Bouyiourdi is a brilliant appetizer my family and I enjoyed while on the mainland of Greece. Making our way north, we were staying in the town of Kalambaka and had spent the afternoon cheering cyclists through the town square who were continuing up the mountain to the race finish line which was at the top of one of the largest monastic complexes in the world, Meteora.
What a great time we had! Our hotel was smack dab right on the race route giving us great seats. The cyclists were so close we could almost touch them as they flew by us. Each rider was closely followed by their coach, father or friend in the tiniest cars you’ve ever seen. We laughed and laughed as the support passenger in each car hung out of the window shouting encouraging words to their cyclist while smoking CIGARETTES. To this day I do not know how those racers were able to draw breath. No small feat between the car exhaust and cigarette smoke. When all the race participants had passed by, we decided a light dinner was in order. Off we went, on foot, to discover another lilliputian jewel of a restaurant. And, believe me, they are everywhere tourists are not. As we walked up the mountain we took in the local Greek architecture and marveled at the flora. You know, when you think of Greece you think of bougainvillea or plumbago, both hot climate flowers, never roses but there they were. Gorgeous, fat roses climbing up sides of buildings and gas lamp poles. Lovely!
After a pleasant stroll through town, there it was, the restaurant of the night. I don’t know the name of the restaurant but I sure do recall having this dish, bouyiourdi. Served with a few other appetizers, it will feed 4-6 people. Scaled down, this could easily be lunch or dinner for one. Bouyiourdi is always served with hot, crunchy bread, pulled apart at the table. It is the perfect dish during Lent or when one is eating lighter with its generous chunks of meaty tomatoes and subtle kick from sliced, hot peppers. All feta cheese in Greece is true feta, meaning that it is made from sheep or goat milk, NEVER cow milk. In this dish the feta is cut into 1/4 inch slices, draped over fat nuggets of tomato and pepper rings, bathed in olive oil and, after a light shower of hot pepper flakes, is baked until warm and creamy.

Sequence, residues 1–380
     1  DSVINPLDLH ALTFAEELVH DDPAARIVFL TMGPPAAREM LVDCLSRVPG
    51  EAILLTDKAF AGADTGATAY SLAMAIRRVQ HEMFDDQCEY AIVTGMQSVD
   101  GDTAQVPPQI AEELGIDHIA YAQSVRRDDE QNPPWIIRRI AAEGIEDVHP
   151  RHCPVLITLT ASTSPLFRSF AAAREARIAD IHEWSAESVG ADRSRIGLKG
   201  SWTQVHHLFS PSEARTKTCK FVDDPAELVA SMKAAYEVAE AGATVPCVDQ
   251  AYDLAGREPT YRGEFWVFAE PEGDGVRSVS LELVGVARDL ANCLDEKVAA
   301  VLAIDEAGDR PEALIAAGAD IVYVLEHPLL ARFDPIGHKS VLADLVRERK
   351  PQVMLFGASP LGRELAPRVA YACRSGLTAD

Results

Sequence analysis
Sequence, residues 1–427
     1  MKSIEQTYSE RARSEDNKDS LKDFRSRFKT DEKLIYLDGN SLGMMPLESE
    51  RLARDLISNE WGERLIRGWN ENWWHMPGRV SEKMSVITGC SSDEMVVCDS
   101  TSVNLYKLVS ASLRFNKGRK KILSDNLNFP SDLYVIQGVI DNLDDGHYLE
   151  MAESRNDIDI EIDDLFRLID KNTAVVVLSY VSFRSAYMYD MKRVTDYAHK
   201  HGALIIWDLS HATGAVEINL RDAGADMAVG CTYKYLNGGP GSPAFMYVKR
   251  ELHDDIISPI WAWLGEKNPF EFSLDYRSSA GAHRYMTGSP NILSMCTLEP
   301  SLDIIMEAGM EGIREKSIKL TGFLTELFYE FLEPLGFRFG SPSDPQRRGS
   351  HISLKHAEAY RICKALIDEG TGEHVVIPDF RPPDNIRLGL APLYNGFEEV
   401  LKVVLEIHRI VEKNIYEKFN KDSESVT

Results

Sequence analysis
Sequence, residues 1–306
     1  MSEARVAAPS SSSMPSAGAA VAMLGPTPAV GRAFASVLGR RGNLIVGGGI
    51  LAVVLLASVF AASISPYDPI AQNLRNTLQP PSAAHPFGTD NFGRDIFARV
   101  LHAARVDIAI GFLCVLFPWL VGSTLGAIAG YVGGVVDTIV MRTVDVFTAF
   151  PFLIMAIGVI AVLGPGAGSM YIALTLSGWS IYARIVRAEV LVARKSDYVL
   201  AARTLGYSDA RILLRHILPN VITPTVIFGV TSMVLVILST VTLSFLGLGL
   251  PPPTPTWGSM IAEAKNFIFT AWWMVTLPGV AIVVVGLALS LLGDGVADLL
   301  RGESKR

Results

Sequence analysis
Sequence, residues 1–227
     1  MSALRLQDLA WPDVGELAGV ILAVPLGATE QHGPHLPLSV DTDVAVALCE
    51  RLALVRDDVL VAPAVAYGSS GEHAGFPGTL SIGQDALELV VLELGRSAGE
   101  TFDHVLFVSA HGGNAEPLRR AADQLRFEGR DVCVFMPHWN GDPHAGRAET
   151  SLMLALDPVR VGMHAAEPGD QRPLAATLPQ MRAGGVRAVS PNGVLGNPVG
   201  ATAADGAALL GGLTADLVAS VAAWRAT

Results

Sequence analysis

Perfect to spread on a hunk of bread just torn from the loaf. And the juices at the bottom of the bowl are eye-rolling good. Greece is full of surprises and this is one of them. Kali orexi!
Greek Baked Feta Dip
- 4-5 ripe tomatoes, cut into large, bite size pieces
- 1 long hot pepper, also known as Italian Long Hots, sliced into thin rings, seeds discarded
- 8 ounces sheep’s milk feta cheese, NOT crumbled. I use Vigo brand and it can be found at Publix in the dairy section
- red pepper flakes
- good olive oil
- hot, crunchy bread, to serve
- Pre-heat oven to 400°. Cover a 9-inch or 10-inch round oven proof dish with non-stick spray and set aside. I often use two 5-inch rounds and serve one dish at a time.
- Cover bottom of baking dish with cut tomatoes and most of the pepper rings. Reserve 6-7 for the top of the dip.
- Cut the feta in 1/4-inch slices and cover the tomatoes with them. It’s fine if they overlap a bit.
- Sprinkle feta with red pepper flakes to your liking. They do lose some of their heat while baking but, keep in mind, the long hot rings bring some heat to the dish, also.
- Top with the remaining pepper rings.
- Drizzle generously with olive oil. I use anywhere from 3/4 cup to 1 cup.
- Cover tightly with tin foil. Crimp edges as firmly as possible and bake for 20-25 minutes.
- Allow to cool for 5 minutes prior to serving.
- Serve with hot, crunchy bread.